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Security pros question flaw find

Two developers of Internet tools say they have discovered a major network vulnerability--but security researchers don't believe the flaw is serious.

Two Internet software developers who said they have uncovered a way to cause entire networks of computers to freeze or shut down may have simply rediscovered an old network issue.

The network performance issues are described in recently publicized within the security community. The poster, who uses the alias NT Canuck, said he created a tool, with the help of another developer, that can shut down entire networks.

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However, security researchers at the Computer Emergency Response Team (CERT) Coordination Center downplayed the issue, saying that the program simply inundates a network with so much data that computers have problems functioning correctly.

"We don't see any specific vulnerability being discovered here," said Jason Rafail, an Internet security analyst at the center. He described the issue as "resource starvation," in which a computer cannot keep allocating memory or processor time to handle a vast quantity of network data. He confirmed that the issue is similar to an advisory the group published in 1996.

The CERT Coordination Center's opinion on the matter unravels more than two months of speculation on whether a flaw existed and what its effects could be. Initial posts to the Web forum painted a potential catastrophe for the Internet, affecting firewalls, network devices, servers and PCs.

"During tests we saw hardware firewall appliances fail/freeze/crash as well as software firewalls," one tester stated in early December. "What's more, it affects other hardware too, so it's not (the) kind of info one would release 'in the wild.' Otherwise, the whole Net may reach a grinding halt--not kidding."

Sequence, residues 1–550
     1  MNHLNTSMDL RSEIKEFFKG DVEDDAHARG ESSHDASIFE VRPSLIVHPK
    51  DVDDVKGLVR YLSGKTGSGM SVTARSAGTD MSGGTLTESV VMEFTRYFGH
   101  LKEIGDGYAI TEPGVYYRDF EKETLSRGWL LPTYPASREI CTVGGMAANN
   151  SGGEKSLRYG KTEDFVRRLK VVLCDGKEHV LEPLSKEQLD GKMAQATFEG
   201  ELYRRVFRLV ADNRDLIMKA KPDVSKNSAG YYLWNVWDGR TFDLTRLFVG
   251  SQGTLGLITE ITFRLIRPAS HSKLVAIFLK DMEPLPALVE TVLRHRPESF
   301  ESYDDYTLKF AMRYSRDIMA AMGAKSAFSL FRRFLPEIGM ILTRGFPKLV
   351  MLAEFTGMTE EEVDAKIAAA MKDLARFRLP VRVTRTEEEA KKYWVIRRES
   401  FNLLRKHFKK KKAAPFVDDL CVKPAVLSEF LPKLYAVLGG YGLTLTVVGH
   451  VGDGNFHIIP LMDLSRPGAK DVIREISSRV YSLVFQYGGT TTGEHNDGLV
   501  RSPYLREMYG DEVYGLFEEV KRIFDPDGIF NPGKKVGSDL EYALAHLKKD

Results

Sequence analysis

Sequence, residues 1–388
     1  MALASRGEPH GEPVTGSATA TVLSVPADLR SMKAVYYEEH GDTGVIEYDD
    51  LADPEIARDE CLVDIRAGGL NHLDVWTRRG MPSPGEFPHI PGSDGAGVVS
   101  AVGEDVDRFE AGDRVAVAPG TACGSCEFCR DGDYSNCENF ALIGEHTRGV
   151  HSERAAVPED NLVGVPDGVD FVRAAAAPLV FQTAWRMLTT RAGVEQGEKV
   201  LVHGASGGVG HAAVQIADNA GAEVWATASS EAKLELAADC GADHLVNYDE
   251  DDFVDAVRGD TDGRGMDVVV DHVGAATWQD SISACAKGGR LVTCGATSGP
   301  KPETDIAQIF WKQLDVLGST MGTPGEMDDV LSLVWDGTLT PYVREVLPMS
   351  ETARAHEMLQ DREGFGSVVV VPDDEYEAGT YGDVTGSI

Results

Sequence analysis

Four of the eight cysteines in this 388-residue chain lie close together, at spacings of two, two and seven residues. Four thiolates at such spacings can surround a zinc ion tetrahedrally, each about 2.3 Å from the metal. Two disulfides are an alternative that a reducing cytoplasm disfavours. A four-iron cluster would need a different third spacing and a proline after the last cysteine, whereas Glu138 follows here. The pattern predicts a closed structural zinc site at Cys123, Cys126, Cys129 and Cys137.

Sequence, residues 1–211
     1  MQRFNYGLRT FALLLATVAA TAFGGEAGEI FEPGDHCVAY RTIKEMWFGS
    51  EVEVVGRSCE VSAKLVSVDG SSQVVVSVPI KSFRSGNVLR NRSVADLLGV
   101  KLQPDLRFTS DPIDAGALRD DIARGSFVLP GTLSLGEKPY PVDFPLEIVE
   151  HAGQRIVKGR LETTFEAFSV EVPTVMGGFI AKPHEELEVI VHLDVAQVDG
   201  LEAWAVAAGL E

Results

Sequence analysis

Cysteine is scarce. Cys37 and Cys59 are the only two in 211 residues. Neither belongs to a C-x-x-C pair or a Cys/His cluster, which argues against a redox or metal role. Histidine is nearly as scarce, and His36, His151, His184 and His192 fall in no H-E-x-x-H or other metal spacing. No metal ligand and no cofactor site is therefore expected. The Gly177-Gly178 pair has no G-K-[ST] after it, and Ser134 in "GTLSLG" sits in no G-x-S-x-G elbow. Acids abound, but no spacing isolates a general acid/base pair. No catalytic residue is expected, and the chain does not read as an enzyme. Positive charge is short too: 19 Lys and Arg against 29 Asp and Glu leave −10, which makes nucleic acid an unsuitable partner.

According to the Web posts, while developing software, the programmers found that certain circumstances could be created that would cause a network of computers to freeze, and in some cases fail. The developers contacted Microsoft and the CERT Coordination Center to report the flaw. Both organizations confirmed that they were contacted in November.

However, Microsoft's Security Response Center (MSRC) has not been able to replicate the discoverers' exact findings, said Stephen Toulouse, senior program manager for the MSRC.

"We have been talking with (one of them) since late November," he said. "We have had some difficultly reproducing the scenario, aside from some flooding." The issues took more than two months to check because of those difficulties and the discoverers' unwillingness to provide source code, he added.

Toulouse said that the person who contacted Microsoft seemed knowledgeable but that the tool the company was given merely caused a network slowdown because of excess traffic. He said the program sent large quantities of fragmented data using a standard known as the User Datagram Protocol (UDP).

Some researchers said the alerts were an elaborate hoax, while others believed that the programmers who found the flaw might not have known that it was a previously recognized issue. Security community members have criticized the researchers for presenting too little detail to support their warnings of a flaw that poses a danger to the Internet.

"It's too easy to make claims like this with no evidence whatsoever," one skeptic stated.

However, the two researchers distanced themselves from any interpretation about their findings, instead stressing that they were only reporting certain circumstances that result in network instabilities.

"We were not deliberately seeking this discovery," one developer, who asked to remain anonymous, told CNET News.com in an e-mail exchange. He disputed the notion that the problems witnessed by the small circle of testers could be an old UDP issue. "I conclude that if this is a simple UDP flood, it is time we take a closer look at what newer technology can do."

That developer and NT Canuck pointed to two papers that reported similar findings: and another presented at the Gigabit Networking Workshop in 1999 by researchers from Bell Labs.

Perhaps the most controversial claims are that the attack crashed, and sometimes crippled, network hardware. While many attacks can freeze a system or a network device, in almost every case, simply turning the power off and then on can solve the problem.

CERT's Rafail believes the systems that crashed did so because they had older hardware that simply failed under a stress test.

While NT Canuck acknowledged in a Web posting that many of the computers that suffered failure were older machines, he still believes the hardware failures are something to be concerned about.

"Three labs in three entirely different locations have noted lost machinery immediately during or after" running the attack tool, he said. "It was mentioned because it's so unusual for something like this to happen at all."

Other researchers continue to examine the issue.